1. What you're carrying is a direct result of someone getting lazy.
  2. Someone decided to shove their head up their butt, screw something up and you're the only one on the planet that can fix it properly.
  3. You feel so dismayed and undervalued, knowing perfectly well you can fix the problems you're presented with, but those around you have delighted in giving you the load then chaining you down, tying your hands securely behind your back making you unable to even begin to try to approach it from the right angle because no one is listening as you're screaming the solution to the problem at the top of your lungs.  Put simply, they don't believe in you and don't want you, but you're strong enough to carry the load so they slap you with it.
Ok, the third one is mine, you can have the other two for you.  

Being Atlas isn't easy.  Look at poor fella in the picture!  We all know that carrying other people, who I like to term as "backpacks", is the world's worst feeling.  Case in point, I watched a fellow Atlas, carrying a load bigger than mine in our little project, work at the computer until I was ready to swear that she was going to cry tears of blood.  That sweet darling young woman got everything dumped in her lap, then the minute the backpacks decided to participate, she was unceremoniously shoved to the side.  Now that's not the first time I've seen that happen in my 40 years on the planet, and every time I see something like that happen, I get ticked.  That poor darling girl working so hard with no help other than myself and another fellow Atlas on either side of her working late into the night, assisted only by one supervisor who has become quite the Atlas themselves.

Have you ever noticed when you're weighed down, your legs are straining for that next step, you're gasping for air and praying someone can help, you ask for help and someone either says "no" or "I don't know"?  I tell ya, when you're carrying that heavy of a load and some doodah gives you an 'I don't know', the urge to cry out "Then what the hell am I talking to you for?  Get hell out of the way!" comes to mind almost immediately.  I don't care who you are, when you're carrying the load and there's some twit in the way, you're going to want to mow them down in the most painful way possible.  It's like that great Ortho Fire Ant Killer ad Luke Sullivan has in Hey Whipple, Squeeze This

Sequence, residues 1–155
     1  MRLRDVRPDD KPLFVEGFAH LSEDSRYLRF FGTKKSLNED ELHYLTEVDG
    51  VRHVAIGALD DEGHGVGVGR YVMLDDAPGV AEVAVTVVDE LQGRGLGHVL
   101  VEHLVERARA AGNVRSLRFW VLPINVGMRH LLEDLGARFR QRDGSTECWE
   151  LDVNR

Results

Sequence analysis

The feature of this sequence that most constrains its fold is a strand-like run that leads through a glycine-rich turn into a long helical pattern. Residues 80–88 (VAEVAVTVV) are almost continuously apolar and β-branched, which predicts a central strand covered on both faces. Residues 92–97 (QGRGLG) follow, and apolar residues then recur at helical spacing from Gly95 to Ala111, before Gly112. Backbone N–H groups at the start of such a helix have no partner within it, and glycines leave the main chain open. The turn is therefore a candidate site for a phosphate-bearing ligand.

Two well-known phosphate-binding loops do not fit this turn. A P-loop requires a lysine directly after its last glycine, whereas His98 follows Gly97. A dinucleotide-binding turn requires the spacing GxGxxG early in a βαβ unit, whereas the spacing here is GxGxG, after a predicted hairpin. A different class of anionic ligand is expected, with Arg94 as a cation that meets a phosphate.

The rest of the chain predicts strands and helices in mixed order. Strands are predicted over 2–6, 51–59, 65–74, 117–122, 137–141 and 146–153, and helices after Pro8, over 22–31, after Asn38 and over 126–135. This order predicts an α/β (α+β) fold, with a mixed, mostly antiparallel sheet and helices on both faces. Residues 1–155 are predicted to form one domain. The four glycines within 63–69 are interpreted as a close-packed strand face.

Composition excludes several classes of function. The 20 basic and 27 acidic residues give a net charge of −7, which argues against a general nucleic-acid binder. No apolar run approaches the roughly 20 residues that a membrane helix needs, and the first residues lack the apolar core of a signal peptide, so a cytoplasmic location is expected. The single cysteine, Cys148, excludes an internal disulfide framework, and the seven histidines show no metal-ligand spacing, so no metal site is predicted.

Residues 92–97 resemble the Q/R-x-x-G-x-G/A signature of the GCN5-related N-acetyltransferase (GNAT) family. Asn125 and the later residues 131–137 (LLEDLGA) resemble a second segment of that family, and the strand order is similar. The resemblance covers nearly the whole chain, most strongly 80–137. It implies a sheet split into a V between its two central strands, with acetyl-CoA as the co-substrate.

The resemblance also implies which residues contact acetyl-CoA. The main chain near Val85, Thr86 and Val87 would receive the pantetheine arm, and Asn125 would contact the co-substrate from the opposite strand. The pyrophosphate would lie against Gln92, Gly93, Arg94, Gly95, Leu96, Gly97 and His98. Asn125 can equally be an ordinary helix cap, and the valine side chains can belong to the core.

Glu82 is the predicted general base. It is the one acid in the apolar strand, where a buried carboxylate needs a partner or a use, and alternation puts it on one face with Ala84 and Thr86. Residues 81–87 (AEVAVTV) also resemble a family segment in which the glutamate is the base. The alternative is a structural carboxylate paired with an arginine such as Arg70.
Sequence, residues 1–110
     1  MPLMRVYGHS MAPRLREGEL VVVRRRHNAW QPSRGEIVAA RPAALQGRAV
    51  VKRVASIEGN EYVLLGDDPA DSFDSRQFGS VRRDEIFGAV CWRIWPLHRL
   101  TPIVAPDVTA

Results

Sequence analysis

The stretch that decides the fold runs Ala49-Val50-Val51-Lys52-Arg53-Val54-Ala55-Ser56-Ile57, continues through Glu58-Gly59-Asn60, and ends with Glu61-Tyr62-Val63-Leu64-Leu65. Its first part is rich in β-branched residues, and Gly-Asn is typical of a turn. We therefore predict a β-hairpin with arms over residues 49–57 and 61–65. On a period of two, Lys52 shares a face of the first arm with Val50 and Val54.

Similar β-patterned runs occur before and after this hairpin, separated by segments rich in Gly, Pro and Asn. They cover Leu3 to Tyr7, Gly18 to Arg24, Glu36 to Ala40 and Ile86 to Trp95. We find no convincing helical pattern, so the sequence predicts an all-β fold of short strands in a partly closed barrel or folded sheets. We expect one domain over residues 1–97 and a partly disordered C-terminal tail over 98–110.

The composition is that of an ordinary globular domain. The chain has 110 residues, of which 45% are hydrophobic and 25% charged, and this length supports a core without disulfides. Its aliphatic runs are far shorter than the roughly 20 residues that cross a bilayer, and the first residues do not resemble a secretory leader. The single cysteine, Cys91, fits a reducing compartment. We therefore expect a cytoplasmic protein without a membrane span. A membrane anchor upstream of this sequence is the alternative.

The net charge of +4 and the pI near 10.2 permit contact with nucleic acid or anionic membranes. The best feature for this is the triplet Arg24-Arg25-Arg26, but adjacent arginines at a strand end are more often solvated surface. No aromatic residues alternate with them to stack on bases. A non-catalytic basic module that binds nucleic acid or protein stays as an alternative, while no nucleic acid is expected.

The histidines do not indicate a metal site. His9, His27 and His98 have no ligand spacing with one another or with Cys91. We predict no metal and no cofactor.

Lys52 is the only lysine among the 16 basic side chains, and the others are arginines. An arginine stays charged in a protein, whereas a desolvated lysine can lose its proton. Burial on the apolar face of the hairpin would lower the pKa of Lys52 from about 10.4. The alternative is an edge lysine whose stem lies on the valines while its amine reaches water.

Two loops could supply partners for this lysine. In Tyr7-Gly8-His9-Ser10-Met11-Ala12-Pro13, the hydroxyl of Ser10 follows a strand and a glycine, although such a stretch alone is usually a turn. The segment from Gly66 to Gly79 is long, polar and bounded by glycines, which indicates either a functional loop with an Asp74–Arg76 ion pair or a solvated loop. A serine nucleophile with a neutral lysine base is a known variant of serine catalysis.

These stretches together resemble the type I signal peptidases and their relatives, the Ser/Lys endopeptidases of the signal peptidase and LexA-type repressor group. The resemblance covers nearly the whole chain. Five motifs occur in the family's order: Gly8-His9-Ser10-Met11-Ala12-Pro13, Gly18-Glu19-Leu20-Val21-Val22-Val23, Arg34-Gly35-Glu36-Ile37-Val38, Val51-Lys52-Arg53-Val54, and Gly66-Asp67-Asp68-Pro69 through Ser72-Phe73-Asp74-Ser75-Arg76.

(every time you see the words "Fire Ant" substitute the word "Backpack")

Fire ants are not lovable.  People do not want fire-ant plush toys.  They aren't cuddly.  They don't do little tricks.  They just bite you and leave red, stinging welts that make you want to cry.  That's why they have to die.  And they have to die right now.  You don't want them to have a long, lingering illness.  You want death.  A quick, excruciating, see-you-hell kind of death.  You don't want to lug a bag of chemicals and a garden hose around the yard.  It takes too long.  No, my friend, what you want is Ant-Stop Orthene Fire Ant Killer from Ortho.  You put two teaspoons of Ant-Stop around the mound and you're done.  You don't even water it in.  The scout ants bring it back into the mound.  And this is the really good part.  Everybody dies.  Even the queen.  It's that fast.  And that's GOOD.  Because killing fire ants shouldn't be a full-time job.  Even if it IS pretty fun.  Ant-Stop Orthene Fire-Ant Killer from Ortho.  Kick fire-ant butt.